5 166.6 47.0 38.0 163.3 44.0 29.0 33.8 40.4 39.5 173.4 59.0 174.1 49.1 44.5 160.4 35.5 155.9 34.6 29.5 37.9 37.3 53.0 34.9 31.3 42.2 33.8 53.1 55.6 56.9 44.6 41.0 43.0 170.7 45.1 36.3 36.2 47.6 37.1 34.4 26.6 37.3 49.0 167.7 42.3 41.9 38.1 46.1 52.APPENDIX 154.5 32.6 37.7 42.2 50.3 47.6 32.5 172.2 37.3 33.3 57.5 39.5 163.0 172.0 40.2 50.5 157.5 26.7 47.7 39.3 26.0 169.8 34.0 160.4 35.7 40.5 43.8 36.8 46.2 48.8 32.1 42.5 43.3 29.4 37.8 44.5 35.5 161.0 171.0 37.6 60.0 59.7 49.8 40.1 45.5 36.5 48.5 169.4 40.5 165.1 54.2 3.7 45.5 167.8 37.4 48.1 40.0 26.0 155.7 35.8 49.6 49.6 53.0 45.4 33.5 174.0 35.3 37.0 43.1 32.6 31.4 43.7 35.8 61.5 159.5 36.0 168.8 33.0 27.2 40.6 50.5 31.7 42.1 49.5 158.0 35.2 50.7 36.6 38.2 44.6 43.2 51.2 42.3 43.7 32.6 46.2 60.2 45.5 33.7 43.1 35.6 41.6 45.8 58.4 34.0 159.7 48.8 36.4 38.2 52.7 31.0 28.7 51.4 45.6 46.5 156.2 51.9 42.0 173.4 35.7 40.1 33.0 161.0 165.0 35.7 57.4 46.5 28.5 40.4 36.5 45.1 47.6 54.3 36.1 39.2 31.1 43.5 34.5 43.9 39.4 45.0 162.2 40.6 36.0 41.3 39.1 53.0 24 Burmese Border Guidelines 007  .7 33.2 46.9 34.4 37.8 29.1 36.7 38.2 48.4 43.7 30.9 38.2 38.4 38.5 168.4 62.0 38.2 32.4 30.0 36.7 44.0 39.2 27.6 55.6 38.0 164.8 46.9 39.7 63.0 47.3 31.0 48.8 44.7 51.9 41.9 32.5 28.3 38.5 171.3 28.7 50.9 30.3 44.5 43.5 162.0 31.1 41.7 39.9 43.9 35.8 27.6 33.7 38.7 52.5 164.5 42.6 38.0 156.7 34.5 170.1 30.1 62.9 33.0 157.0 166.6 52.2 34.8 37.8 47.3 35.4 30.8 50.8 41.6 30.0 46.2 56.8 48.0 36.0 41.1 42.0 45.5 41.9 44.7 47.3 41.3 41.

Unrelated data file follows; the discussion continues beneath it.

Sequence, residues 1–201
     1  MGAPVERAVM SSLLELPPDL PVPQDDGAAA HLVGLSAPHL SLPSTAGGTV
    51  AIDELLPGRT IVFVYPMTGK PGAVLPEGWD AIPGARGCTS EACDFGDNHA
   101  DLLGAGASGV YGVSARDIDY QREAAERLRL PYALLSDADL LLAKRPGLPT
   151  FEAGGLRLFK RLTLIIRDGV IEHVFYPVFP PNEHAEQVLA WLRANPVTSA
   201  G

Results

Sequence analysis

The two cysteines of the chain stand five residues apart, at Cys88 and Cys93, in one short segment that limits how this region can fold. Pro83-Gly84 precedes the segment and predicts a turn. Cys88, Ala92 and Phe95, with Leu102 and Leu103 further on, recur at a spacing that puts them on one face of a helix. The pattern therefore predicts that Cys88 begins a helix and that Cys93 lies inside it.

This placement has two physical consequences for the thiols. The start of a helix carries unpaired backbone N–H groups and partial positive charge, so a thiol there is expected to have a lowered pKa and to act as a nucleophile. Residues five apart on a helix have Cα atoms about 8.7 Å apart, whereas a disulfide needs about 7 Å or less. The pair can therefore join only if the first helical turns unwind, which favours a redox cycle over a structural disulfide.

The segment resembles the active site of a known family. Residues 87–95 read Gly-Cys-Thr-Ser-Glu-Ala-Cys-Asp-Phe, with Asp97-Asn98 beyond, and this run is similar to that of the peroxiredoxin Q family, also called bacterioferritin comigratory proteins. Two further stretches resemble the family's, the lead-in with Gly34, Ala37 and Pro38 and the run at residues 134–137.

5 63.0 52.3 58.4 16.0 62.6 49.5 42.3 65.2 43.1 49.3 46.6 35.5 61.0 36.5 52.8 33.5 41.1 54.6 44.1 51.9 39.8 55.4 44.8 47.8 36.9 45.4 45.6 45.7 47.2 35.9 45.0 53.3 47.2 33.4 53.2 42.0 58.8 52.0 37. Read the directions on the sachet to see how much water to add.7 43.5 44.5 42.3 38.0 40.2 46.4 48.9 38.9 56.3 35.3 39.4 41.0 46.7 52.6 45.2 48.2 46.9 42.2 61.4 45.7 41.6 49.4 17.3 51.5 57.4 40.1 44.6 61.7 58.5 50.8 36.3 34.9 44.3 58.7 43.1 57.7 56.0 40.8 37.8 47.0 59.0 41.6 62.6 38.2 34.8 18 49.4 52.0 49.0 53.6 50.3 35.7 48.2 52.7 57.3 37.5 32.1 38.7 42.7 55.6 42.2 58.4 48.9 39.8 41.0 41.3 62.1 54.5 55.6 64.4 56.8 49.8 39.6 16 43.1 17.2 48.6 51.3 33.0 43.9 48.6 54.4 39.9 40.2 42.2 51.1 41.4 60.8 59.1 56.5 51.8 52.0 46.8 24.2 45.1 50.2 44.7 34.3 59.8 43.2 17.5 41.7 44.0 41.5 47.8 56.6 ORAL REHYDRATION SOLUTIONS ORS HOW TO MAKE ORAL REHYDRATION SOLUTION Use one ORS powder sachet and mix it with clean boiled water that has been cooled.5 35.3 62.5 BODY MASS INDEX Adults (18 years and older) Weight (kg) / Height2 (m) Height (cm) 140 141 142 143 144 145 146 147 148 149 150 151 152 153 154 155 156 157 158 159 160 161 162 163 164 Body Mass Index 18.2 40.4 56.24 APPENDIX 24.2 50.9 61.6 47.4 38.6 40.8 34.3 59.0 56.8 35.8 55.4 38.1 44.3 58.3 64.3 60.4 40.9 54.8 40.0 48.5 43.9 59.3 37.0 45.3 50.2 55.4 38.6 34.3 35.6 57.1 47.4 57.8 32.5 37.4 16 31.5 37.7 35.2 54.3 36.3 52.5 36.6 58.2 59.  Burmese Border Guidelines 007 .4 31.5 46.5 54.7 50.7 65.1 52.7 55.6 60.6 59.7 36.7 53.7 37.3 32.3 43.3 53.2 41.1 66.9 39.4 39.6 63.0 Height (cm) 165 166 167 168 169 170 171 172 173 174 175 176 177 178 179 180 181 182 183 184 185 186 187 188 189 190 Body Mass Index 18.3 40.6 53.0 17.0 48.8 47.0 51.4 49.4 56.9 57.2 37.5 55.2 49.2 36.4 50.6 39.3 37.8 38.4 41.1 55.2 47.9 40.6 50.6 46.2 57.3 36.1 43.2 45.9 60.6 59.3 34.7 51.7 58.6 42.0 49.3 43.0 50.7 57.9 46.9 39.3 38.8 51.8 44.7 16.6 54.6 36.4 41.0 64.5 36.0 57.3 53.3 56.6 43.8 38.4 51.6 52.1 42.9 53.0 58.5 44.5 47.9 62.1 46.7 61.0 33.5 54.7 33.0 56.1 60.3 55.9 54.7 36.8 35.4 43.7 38.1 37.8 18 35.2 54.8 49.1 39.0 50.8 45.6 48.5 46.6 37.8 53.9 63.8 38.7 46.4 53.3 36.8 48.9 60.8 37.3 33.9 51.5 34.0 42.3 32.8 44.4 50.1 34.4 66.0 42.8 37.